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Learning environments are key to engaging youth

By Nicole Pokorney

Youth engagement is the essence of deep, enriching learning in any experience. The physical environment in which that engagement happens does not necessarily matter; but the atmosphere matters very much. In fact, it is a key factor.

How do we, as educators, create environments where informal learning is supported, encouraged and fostered? What are the characteristics of educators who cultivate fertile learning environments?

As Stephan Carlson and Sue Maxa wrote a few years ago, "The role of teachers and volunteer leaders in non-formal education is to help youth process information on a deeper level and develop strategies for lifelong learning."

Carlson and Maxa offer these guidelines:

  • Individuals are encouraged to ask questions and reflect in a safe environment.
  • There is active cooperation of the learning and guidance from the leader.
  • Relationships and connections are built in order to have understanding.
  • The leader creates an environment where exploration and discovery can
    take place and youth are safe to construct new meaning and knowledge.

In addition, I believe that educators must be willing to:

  • See injustices,
  • Act noble,
  • Question behavior, thoughts, and words,
  • Create learning environments that instill fairness, trust, mercy, humility, honor, inspiration, openness and respect between teacher and learner, and
  • Be knowledgeable in quality youth and adult partnerships to open the exchange of learning and teaching.

Informal educators go about this differently than classroom teachers do. Mark K. Smith of YMCA wrote on Infed that informal educators tend to emphasize certain values of respecting value and dignity of human beings, work for the well-being of all, fostering dialogue, equality, justice and citizenship. "In conversation we have to catch the moment where we can say or do something to deepen people's thinking or to put themselves in touch with their feelings. Through this action, learning becomes real."

Youth educators should be committed and willing to see the soul of every individual youth and inspire them to become fully engaged participants of their lives through knowing how to capture on-the-spot learning opportunities and guiding youth through everyday events.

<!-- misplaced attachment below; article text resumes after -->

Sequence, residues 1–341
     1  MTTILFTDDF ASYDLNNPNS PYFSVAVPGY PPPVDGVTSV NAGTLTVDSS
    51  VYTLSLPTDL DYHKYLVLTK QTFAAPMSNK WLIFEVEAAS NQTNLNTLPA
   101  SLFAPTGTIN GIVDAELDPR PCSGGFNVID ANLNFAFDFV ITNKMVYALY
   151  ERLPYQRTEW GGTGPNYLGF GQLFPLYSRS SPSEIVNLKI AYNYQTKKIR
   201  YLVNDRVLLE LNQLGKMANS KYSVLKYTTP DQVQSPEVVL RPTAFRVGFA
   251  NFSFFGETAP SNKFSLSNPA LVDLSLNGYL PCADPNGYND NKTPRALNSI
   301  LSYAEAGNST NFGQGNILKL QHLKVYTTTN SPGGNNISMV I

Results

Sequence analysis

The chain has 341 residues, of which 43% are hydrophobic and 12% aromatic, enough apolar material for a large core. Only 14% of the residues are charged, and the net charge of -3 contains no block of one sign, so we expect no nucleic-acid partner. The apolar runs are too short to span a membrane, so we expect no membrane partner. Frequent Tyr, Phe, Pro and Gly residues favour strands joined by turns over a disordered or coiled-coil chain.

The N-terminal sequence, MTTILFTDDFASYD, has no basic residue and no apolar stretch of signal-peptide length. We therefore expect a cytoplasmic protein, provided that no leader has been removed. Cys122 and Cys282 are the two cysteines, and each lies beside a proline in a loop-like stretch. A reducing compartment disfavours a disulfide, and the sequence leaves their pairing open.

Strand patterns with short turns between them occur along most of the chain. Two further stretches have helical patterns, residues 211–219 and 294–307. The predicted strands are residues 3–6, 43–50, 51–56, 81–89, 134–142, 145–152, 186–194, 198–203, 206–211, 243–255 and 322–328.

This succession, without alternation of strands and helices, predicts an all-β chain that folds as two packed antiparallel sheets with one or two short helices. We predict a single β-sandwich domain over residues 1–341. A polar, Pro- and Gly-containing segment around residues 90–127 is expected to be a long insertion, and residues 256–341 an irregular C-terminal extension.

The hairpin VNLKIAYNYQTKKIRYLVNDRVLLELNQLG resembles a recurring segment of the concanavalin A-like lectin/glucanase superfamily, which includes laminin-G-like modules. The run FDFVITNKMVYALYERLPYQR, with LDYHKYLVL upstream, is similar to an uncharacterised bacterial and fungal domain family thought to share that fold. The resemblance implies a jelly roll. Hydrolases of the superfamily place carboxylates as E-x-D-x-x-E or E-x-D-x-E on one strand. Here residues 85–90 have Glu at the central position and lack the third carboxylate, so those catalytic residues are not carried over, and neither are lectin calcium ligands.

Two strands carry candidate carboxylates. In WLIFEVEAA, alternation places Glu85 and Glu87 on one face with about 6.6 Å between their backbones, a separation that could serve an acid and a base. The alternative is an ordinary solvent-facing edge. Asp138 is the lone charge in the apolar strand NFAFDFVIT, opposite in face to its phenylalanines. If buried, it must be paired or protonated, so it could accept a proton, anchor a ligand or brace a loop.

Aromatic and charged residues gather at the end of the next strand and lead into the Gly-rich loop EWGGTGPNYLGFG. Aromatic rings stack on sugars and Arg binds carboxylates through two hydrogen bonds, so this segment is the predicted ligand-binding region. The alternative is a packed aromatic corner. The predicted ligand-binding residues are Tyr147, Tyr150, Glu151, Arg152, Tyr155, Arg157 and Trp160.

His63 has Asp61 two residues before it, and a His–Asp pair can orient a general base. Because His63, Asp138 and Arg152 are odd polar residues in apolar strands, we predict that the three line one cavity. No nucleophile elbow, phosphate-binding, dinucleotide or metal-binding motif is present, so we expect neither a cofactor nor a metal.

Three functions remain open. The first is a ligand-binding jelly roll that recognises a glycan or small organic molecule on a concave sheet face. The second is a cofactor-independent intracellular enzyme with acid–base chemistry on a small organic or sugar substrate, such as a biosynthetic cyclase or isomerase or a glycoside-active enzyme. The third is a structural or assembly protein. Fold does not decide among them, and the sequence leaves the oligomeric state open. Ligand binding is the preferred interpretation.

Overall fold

How do you create a fertile, engaging learning environment in your youth program? In your opinion, what does a high quality learning environment look like?

-- Nicole Pokorney, Extension educator

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  1. Nicole thanks for reflecting on engagement and the role of youth workers in nurturing it.
    I have been struck in the last few years about the value of engagement as a word that says so much about whether learning is happening and owned by youth. Many years ago I was talking at a conference about the value of engagement. At one point I reflected that if every youth wore a badge that measured their engagement, and turned red when they were disengaged (much like radioactive exposure badges do), how it might change what we do as adults. While there are ways to see disengagement, too often it is easy to overlook in the midst of what is happening -- or worse yet, to come to expect it as normal.
    As discussions move forward about how to build system for non-formal learning and the role of intermediaries, a great deal of the discussion goes to 2 issues:
    1) Engaghing youth authentically in our efforts (on boards, in philanthropy, in assessing quality) AND
    2) Measuring youth engagement in populations so we can know if we are increasing it by what w as youth and adults are doing.